Alcohol and Relationships are two topics that often intersect, and the consequences of this intersection can be devastating. For individuals struggling with alcohol addiction, maintaining healthy relationships can be challenging, as alcohol can become the focus of their lives, and their loved ones may feel neglected or hurt.
At AspenRidge, a rehab center based in Denver, we understand the complex relationship between alcohol and relationships and the impact it can have on people’s lives. Our mission is to support and treat individuals struggling with alcohol addiction, helping them rebuild their relationships and regain control over their lives.
In this article, we will explore the effects of alcohol on relationships and the steps individuals can take to address their addiction and repair their relationships. Whether you are struggling with alcohol addiction or know someone who is, this article is for you.
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The term “functioning alcoholic” seems incompatible with reality. Is it possible for a person to excessively drink alcohol and function properly in everyday life? For spouses or significant others, many feel that alcohol can negatively impact connections. Alcohol abuse and addiction certainly carry negative consequences on an individual’s health and well-being. In terms of alcohol and relationships, it can be a single catalyst in estranged marriages and contentious discourse among family members. Learn more about the detrimental effects of alcohol below.
If your spouse or significant other is battling alcohol issues, it’s important to understand that you’re not alone. As one of the most common illnesses—affecting more than 14 million Americans—alcohol use disorder carries severe consequences. At times, addiction may bring about feelings of helplessness. Reaching out for help can be the first step in helping your spouse overcome this deadly disease. Contact AspenRidge directly for support at 855-281-5588.
Does Alcohol Change A Person?
If you’re in a relationship with a person facing drinking problems, you likely understand the associated hardships. Unfortunately, from an outside perspective, it can seem that drinking is an innocent activity. It’s ubiquitous in everyday life. Many of us feed into a culture consumed by drinking. As a result, it can be difficult to reach out to others or clearly understand how alcohol can truly change a person you love.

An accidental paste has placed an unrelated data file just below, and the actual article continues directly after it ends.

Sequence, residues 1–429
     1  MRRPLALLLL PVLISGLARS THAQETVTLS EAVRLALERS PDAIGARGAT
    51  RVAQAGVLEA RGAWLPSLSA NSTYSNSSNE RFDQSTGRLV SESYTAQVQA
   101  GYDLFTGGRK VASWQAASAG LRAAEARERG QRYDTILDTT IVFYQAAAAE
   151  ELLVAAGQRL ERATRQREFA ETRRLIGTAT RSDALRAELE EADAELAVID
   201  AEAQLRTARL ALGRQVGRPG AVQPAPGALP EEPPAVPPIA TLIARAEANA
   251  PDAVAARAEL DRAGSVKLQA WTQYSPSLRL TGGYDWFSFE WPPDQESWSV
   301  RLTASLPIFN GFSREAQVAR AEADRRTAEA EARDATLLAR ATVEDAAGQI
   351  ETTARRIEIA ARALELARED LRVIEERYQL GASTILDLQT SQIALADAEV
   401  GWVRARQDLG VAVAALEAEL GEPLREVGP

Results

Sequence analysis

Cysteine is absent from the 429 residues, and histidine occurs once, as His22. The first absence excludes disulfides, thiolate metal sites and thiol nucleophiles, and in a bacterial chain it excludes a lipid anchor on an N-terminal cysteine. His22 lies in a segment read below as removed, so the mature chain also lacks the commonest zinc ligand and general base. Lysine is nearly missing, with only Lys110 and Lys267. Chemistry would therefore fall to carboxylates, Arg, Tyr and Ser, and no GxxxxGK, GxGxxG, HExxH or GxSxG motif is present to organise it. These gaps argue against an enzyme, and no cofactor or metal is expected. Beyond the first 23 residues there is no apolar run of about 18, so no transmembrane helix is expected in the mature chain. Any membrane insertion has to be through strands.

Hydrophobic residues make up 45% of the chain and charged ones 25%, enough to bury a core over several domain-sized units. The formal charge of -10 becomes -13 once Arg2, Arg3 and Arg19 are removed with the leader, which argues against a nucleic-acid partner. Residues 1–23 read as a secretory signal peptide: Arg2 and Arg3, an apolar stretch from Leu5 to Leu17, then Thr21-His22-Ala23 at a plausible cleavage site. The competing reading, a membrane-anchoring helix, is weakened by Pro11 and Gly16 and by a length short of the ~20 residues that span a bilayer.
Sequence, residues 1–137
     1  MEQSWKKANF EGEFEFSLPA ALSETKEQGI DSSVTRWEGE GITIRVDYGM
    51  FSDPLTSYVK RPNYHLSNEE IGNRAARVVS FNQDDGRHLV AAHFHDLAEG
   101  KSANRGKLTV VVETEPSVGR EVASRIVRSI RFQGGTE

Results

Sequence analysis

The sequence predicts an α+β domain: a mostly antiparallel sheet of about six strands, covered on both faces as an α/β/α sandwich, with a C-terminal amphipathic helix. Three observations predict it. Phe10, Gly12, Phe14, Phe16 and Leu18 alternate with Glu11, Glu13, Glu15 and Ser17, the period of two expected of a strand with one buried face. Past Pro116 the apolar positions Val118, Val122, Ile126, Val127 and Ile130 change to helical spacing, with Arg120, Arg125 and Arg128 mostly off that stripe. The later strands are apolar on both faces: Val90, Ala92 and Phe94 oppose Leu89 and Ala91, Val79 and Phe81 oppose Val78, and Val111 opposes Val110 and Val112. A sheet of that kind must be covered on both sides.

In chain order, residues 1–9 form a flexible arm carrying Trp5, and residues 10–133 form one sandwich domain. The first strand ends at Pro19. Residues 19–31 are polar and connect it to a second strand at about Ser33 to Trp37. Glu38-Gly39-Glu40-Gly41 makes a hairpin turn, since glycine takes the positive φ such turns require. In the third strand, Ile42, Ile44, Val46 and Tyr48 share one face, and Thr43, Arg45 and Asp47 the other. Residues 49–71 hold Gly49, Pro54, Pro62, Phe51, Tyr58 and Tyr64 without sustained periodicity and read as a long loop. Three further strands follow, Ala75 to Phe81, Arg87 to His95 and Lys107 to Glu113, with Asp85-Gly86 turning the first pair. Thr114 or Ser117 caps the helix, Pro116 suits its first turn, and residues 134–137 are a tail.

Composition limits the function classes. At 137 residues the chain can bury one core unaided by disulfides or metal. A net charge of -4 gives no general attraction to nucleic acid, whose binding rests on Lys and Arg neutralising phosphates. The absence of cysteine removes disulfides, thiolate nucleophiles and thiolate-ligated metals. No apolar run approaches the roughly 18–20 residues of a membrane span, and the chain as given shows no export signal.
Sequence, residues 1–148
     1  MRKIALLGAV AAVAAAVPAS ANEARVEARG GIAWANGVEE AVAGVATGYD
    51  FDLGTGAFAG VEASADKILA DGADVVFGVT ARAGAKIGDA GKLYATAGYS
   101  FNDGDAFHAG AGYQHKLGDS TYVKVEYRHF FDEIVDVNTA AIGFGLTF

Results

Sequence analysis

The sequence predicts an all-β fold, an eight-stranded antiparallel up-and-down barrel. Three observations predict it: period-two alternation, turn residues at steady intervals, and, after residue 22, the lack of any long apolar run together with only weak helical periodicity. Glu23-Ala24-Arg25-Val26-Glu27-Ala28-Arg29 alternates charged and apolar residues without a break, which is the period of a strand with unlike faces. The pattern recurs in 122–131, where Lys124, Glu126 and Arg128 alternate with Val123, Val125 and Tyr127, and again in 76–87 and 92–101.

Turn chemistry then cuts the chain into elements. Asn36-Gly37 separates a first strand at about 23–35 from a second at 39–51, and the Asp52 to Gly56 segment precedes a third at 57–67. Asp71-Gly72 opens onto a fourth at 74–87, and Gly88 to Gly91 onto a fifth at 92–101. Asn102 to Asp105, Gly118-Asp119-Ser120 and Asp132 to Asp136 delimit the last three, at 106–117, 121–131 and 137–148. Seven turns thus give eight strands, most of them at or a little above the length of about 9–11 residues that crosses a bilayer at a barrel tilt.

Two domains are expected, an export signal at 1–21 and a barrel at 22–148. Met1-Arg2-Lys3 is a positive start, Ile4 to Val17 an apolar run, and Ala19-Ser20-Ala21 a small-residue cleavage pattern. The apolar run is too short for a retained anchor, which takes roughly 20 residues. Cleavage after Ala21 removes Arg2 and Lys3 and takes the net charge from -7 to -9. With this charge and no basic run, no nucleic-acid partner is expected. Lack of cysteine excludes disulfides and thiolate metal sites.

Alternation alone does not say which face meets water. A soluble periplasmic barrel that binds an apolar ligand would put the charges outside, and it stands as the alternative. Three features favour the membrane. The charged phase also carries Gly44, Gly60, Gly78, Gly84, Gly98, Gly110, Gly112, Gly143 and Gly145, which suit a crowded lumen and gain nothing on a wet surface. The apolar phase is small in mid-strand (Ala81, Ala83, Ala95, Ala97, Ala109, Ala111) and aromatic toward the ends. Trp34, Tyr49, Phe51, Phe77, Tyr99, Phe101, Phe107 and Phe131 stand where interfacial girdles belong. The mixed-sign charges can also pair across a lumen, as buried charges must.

Alcoholism causes various physical consequences that are well-known and easy to recognize, but it also causes various psychological consequences that people rarely discuss. In general, alcohol can impact each person differently. Drastic changes in a person’s behavior and personality also highly depend on the quantity and rate of alcohol consumption. A person who is severely dependent on alcohol, for example, may behave erratically and be more prone to violence. In terms of alcohol and relationships, the two don’t mix.
People who drink a moderate amount of alcohol regularly can begin to experience feelings of nervousness, melancholy, restlessness, irritation, and relationship troubles—people who drink heavily and often can start to experience insomnia, paranoia, and hallucinations.
Personality Changes Caused by Alcohol Abuse
The mental effects of alcohol use are not always apparent, nor do they take the same patterns. Still, it’s important to evaluate whether or not a significant other may be suffering from the mental effects of alcohol abuse. According to the American Addictions Center, some common mental changes due to alcohol use include the following.
It’s not uncommon for people to seek alcohol to deal with despair. Indeed, alcohol provides temporary euphoria, but it’s often superficial and short-lived. As drinking becomes more habitual, alcohol can cause or trigger feelings of depression in many people. This co-occurring condition of major depressive disorder and alcoholism has lasting impacts.